Music analysis software - where is it?
June 16, 2008 10:30 AM   Subscribe

I'm looking for either free software or an API that could take a wav file and parse it.

I'm looking for either free software or an API that could take a wav file and parse it. I'd like it to give me information about the pitches, rhythm, or timbre contained in the wav file. I'm basically interested in any form of musical information as output. It doesn't have to be perfect, it just has to give me something.

I'm asking because a friend of mine is teaching a class in which he wants to have students to come up with an automated way of making judgments about music. I don't know how well-versed they are in programming, so the less technical the better, but if a C++ library is the best there is, so be it.

I know it's gotta be out there, but the thing is, I can't figure out what the right thing to type into Google is. Do you happen to know?
posted by ignignokt to Technology (5 answers total)
 
Free or not?

For free, Perl has free implementations on any platform the students are on and a metric asston of modules to use.

This was the first result when I googled 'perl wav' and it seems like a great starting point. 'perl sound frequency' turned this up.

Non free, this is exactly what MATLAB excels at, and it'll happily bring in an audio file for you to do analysis on.

That said, this isn't a terribly trivial request here - I dunno what the level of your friend's students are, but intro to signal analysis is an entire course at the college level. Unless you mean that you want to find a piece of software that will barf up those statistics and they'll then use that information to draw conclusions, asking students w/o a frequency analysis grounding to do this is pretty challenging.
posted by phearlez at 11:53 AM on June 16, 2008


If you want a program, Audacity would work. It's not an API, so I'm not sure by your more inside either how technical your friend wants the students to get.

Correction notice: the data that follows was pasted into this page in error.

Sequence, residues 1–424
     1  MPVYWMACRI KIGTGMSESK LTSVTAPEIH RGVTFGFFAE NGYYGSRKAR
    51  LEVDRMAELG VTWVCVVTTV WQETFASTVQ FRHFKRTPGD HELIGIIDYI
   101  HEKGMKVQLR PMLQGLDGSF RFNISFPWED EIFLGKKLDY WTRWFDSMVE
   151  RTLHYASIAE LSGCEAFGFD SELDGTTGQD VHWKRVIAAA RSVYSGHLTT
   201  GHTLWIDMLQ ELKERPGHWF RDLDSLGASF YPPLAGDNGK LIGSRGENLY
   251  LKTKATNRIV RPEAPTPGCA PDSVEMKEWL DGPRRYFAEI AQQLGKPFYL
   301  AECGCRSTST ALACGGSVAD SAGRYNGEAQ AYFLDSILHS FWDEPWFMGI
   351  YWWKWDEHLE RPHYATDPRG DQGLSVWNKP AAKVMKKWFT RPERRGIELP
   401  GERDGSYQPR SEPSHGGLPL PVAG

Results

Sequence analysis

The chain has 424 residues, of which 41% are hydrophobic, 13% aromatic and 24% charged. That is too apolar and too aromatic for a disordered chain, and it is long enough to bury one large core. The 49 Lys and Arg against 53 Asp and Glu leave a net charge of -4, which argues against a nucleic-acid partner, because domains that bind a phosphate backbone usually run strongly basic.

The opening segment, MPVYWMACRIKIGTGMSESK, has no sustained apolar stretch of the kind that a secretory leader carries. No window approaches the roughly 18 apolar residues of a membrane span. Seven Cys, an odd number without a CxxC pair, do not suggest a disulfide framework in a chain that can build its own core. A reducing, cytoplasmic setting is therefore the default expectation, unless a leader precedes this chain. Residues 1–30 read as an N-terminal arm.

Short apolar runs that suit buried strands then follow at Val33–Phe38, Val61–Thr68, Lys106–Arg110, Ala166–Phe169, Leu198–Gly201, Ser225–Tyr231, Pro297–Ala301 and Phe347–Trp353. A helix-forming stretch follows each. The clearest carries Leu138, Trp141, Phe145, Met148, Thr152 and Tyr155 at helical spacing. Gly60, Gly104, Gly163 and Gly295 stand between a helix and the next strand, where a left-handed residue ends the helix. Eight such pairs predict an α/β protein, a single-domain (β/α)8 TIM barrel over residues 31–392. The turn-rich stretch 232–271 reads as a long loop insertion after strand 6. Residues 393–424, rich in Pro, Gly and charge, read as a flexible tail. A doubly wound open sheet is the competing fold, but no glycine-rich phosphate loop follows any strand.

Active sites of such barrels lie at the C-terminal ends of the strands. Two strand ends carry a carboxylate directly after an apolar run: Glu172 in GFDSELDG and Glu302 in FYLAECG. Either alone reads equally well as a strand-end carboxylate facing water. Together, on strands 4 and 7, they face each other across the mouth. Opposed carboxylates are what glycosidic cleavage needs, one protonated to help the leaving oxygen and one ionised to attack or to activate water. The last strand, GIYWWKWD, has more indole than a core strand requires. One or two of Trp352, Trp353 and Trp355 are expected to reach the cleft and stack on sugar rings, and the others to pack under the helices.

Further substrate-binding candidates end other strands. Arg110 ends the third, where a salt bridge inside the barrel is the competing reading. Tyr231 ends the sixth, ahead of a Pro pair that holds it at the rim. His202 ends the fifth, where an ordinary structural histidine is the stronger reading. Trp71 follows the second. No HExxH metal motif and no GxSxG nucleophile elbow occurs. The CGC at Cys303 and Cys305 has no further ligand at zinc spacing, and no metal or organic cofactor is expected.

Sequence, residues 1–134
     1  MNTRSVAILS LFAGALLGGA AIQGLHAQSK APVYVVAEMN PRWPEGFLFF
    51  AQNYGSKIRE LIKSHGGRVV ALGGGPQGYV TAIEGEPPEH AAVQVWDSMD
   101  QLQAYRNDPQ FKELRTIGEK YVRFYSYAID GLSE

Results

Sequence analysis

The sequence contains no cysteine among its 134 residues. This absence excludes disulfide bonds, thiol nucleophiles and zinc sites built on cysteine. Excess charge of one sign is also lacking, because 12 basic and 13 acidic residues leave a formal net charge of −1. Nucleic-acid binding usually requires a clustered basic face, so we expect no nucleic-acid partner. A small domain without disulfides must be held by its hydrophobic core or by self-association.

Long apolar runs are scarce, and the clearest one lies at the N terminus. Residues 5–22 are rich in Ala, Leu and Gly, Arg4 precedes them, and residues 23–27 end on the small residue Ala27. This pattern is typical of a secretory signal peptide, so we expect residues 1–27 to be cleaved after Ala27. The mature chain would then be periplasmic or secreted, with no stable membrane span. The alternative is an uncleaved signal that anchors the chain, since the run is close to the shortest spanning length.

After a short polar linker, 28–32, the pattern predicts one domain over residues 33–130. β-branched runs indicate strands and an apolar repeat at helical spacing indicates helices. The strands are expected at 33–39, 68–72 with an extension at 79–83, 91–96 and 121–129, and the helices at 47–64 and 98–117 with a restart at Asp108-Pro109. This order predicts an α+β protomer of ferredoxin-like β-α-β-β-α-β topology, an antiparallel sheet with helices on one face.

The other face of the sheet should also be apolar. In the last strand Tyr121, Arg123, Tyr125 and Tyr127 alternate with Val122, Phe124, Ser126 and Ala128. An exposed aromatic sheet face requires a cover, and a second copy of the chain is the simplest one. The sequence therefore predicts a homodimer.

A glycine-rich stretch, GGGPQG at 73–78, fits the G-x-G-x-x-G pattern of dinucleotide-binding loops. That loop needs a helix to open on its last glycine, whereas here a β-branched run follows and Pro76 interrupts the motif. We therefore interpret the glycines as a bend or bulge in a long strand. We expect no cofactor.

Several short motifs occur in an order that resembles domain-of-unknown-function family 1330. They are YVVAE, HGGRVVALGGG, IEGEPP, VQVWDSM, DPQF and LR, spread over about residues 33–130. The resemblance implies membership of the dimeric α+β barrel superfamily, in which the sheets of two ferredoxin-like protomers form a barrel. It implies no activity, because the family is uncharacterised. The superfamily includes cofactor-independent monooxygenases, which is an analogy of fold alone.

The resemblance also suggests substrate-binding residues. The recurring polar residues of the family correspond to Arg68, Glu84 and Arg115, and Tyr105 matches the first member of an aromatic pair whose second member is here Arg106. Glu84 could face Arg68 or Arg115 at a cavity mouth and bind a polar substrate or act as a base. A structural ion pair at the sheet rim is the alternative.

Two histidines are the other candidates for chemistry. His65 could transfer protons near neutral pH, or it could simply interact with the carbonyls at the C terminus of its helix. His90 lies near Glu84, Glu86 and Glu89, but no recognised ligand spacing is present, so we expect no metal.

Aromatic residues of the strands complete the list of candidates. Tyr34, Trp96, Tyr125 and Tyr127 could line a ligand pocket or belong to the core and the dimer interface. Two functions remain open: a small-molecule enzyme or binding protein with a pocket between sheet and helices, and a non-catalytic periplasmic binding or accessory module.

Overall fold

posted by zap rowsdower at 12:00 PM on June 16, 2008


phearlez: Whoa, perl! I wouldn't've thunk it, thanks.

Yeah, I don't know these students, and I told him this is pretty involved stuff, but he thought they were pretty bright high school students and could handle some scripting. So, I'll pass these suggestions on to him and let him work out how to present it.

zap: Oh, yeah. I forgot Audacity had spectral analysis. That's something.
posted by ignignokt at 1:23 PM on June 16, 2008


Yeah, I don't know these students, and I told him this is pretty involved stuff, but he thought they were pretty bright high school students and could handle some scripting.

I'm sure they can - I think for the most parts students rise to the level of expectation set for them. I'd just suggest to him he not think of it in terms of what they're capable of learning but rather what he chooses to spend his limited time with them doing - explaining signal processing or working on music? Certainly where they intersect is a good place to focus but does he really want to spend time discussing sinusoids, phasors, and frequency shifts?
posted by phearlez at 7:43 AM on June 17, 2008


I haven't tried it myself, but it seems like the Echo Nest API is exactly what you might be looking for.
posted by tsetsefly at 5:13 AM on June 20, 2008


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